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Islanders All Time Lists

New York Islanders: Ranking Every Single Away Jersey

NEWARK, NJ - NOVEMBER 28: Brendan Witt #32 of the New York Islanders plays the puck against Dean McAmmond #11 of the New Jersey Devils at the Prudential Center on November 28, 2009 in Newark, New Jersey. (Photo by Jim McIsaac/Getty Images)
NEWARK, NJ - NOVEMBER 28: Brendan Witt #32 of the New York Islanders plays the puck against Dean McAmmond #11 of the New Jersey Devils at the Prudential Center on November 28, 2009 in Newark, New Jersey. (Photo by Jim McIsaac/Getty Images)
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Center Alexei Yashin #79 of the New York Islanders skates on the ice with the puck during the game against the New Jersey Devils on December 10, 2003 at Continental Airlines Arena in East Rutherford, New Jersey. The Devils won 1-0. (Photo by Ezra Shaw/Getty Images)
Center Alexei Yashin #79 of the New York Islanders skates on the ice with the puck during the game against the New Jersey Devils on December 10, 2003 at Continental Airlines Arena in East Rutherford, New Jersey. The Devils won 1-0. (Photo by Ezra Shaw/Getty Images)

#8: White Jerseys Become Away Jerseys

In 2003, the NHL mandated that every team must wear their white jerseys while playing on the road and wear their dark jerseys while playing at home.

For the Islanders, this meant that their white home jerseys – that resembled the likes of their white home jerseys from 1978 to 1984 – would now become their away jerseys.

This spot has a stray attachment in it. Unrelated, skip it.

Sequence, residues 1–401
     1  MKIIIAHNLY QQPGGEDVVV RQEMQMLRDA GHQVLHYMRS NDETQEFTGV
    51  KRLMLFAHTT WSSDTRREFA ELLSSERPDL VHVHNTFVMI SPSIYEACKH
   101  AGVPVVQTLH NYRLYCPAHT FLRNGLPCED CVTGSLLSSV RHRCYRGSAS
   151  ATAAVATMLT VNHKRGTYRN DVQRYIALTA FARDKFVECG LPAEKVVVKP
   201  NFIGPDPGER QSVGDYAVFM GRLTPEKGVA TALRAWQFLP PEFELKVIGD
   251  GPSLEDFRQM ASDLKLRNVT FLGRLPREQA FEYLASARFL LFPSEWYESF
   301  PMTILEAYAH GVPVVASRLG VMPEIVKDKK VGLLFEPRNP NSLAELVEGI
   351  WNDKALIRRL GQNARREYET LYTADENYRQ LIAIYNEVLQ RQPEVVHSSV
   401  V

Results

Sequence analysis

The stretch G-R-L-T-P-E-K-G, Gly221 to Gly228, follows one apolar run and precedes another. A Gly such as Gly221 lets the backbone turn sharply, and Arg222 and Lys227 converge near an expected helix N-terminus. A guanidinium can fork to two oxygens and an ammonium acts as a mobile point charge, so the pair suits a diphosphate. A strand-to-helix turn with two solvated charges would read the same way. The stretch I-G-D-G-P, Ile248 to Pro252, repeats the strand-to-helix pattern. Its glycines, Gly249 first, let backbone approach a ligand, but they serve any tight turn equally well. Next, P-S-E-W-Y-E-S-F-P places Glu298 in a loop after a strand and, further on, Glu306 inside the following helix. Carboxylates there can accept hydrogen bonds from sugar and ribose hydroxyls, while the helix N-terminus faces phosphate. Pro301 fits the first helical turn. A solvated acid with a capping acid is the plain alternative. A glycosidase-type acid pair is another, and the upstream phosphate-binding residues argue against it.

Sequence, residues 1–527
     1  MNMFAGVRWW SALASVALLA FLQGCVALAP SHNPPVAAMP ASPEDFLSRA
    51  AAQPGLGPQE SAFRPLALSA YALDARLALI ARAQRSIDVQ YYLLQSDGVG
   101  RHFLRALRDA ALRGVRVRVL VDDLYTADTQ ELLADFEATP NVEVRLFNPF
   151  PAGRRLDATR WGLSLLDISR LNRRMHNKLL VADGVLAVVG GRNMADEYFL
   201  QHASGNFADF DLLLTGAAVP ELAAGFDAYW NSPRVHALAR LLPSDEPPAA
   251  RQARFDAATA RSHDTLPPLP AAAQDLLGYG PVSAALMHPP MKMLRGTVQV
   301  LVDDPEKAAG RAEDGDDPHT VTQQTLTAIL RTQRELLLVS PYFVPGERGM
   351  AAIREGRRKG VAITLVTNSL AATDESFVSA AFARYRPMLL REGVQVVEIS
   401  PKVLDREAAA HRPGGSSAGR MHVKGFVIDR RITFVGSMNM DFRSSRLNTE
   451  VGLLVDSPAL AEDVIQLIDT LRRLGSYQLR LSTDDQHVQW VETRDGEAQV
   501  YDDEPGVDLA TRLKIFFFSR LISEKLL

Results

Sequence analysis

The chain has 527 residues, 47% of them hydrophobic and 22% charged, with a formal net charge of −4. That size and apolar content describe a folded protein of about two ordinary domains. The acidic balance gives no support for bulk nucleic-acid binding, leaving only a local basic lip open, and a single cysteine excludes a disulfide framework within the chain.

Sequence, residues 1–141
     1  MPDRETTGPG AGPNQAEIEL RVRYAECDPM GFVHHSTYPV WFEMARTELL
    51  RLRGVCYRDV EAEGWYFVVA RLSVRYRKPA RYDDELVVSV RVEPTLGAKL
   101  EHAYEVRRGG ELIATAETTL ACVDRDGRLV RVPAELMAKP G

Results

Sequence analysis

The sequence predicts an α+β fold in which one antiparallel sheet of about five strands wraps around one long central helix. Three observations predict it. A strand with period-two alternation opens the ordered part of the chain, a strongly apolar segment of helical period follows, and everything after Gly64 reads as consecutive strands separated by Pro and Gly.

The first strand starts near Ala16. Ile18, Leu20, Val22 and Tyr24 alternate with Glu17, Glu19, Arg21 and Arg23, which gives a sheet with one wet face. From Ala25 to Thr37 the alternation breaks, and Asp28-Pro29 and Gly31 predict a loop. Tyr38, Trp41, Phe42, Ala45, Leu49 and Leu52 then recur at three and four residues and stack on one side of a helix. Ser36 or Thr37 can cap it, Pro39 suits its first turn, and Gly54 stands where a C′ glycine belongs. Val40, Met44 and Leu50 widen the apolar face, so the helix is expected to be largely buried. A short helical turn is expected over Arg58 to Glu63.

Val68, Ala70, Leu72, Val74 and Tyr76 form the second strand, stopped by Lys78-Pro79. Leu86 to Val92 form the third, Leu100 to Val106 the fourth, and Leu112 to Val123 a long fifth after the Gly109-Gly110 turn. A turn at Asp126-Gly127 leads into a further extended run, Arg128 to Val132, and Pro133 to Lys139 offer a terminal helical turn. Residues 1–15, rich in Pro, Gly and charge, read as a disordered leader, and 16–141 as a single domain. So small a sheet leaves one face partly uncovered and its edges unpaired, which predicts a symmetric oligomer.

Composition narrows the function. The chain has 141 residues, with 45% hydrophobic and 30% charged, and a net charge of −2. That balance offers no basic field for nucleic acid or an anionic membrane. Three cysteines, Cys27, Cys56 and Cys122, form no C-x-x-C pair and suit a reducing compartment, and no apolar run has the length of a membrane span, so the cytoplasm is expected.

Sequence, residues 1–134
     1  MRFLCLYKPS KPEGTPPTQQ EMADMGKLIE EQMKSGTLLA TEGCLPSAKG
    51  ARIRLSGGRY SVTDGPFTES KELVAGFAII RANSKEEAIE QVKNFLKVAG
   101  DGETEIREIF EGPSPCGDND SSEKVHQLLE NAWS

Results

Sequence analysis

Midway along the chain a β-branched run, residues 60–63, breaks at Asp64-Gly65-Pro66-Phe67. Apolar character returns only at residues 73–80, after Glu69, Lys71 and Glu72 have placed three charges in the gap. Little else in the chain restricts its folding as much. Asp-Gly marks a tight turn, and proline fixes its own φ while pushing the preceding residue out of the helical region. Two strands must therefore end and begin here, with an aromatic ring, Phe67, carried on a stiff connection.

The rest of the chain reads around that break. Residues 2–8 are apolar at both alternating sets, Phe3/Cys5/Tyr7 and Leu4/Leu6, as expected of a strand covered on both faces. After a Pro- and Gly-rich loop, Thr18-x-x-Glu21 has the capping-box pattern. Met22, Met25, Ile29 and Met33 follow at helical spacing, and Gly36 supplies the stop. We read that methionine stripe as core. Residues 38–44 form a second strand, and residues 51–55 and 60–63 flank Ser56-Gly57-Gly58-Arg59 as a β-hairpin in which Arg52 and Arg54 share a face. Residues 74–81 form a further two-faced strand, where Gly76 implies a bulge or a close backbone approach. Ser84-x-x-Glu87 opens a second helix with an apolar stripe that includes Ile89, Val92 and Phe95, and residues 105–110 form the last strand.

These jerseys had orange tips to the jersey, at the bottom and at the sleeves. The elbows had a navy blue stripe and there was a navy blue stripe on top of the bottom orange stripe with a white space in between the two stripes.

Overall, I like the decision by the NHL to make the white jerseys the away jerseys. That’s why the white jersey comes in at number eight – one before the navy blue jersey.

#7: The Original

The original Islanders away jersey wasn’t anything special.

The jersey was royal blue with a white sleeve tip and white bottom edge. On top of the white edges were orange stripes with a royal blue space in between.

These jerseys resemble the home jerseys of today, except they didn’t have names and they had contrasting orange numbers with no outline.

I think it’s the fact that the jerseys don’t have names and that hard to see orange numbers on top of the royal blue that get to me and that’s why these jerseys come in at number seven.

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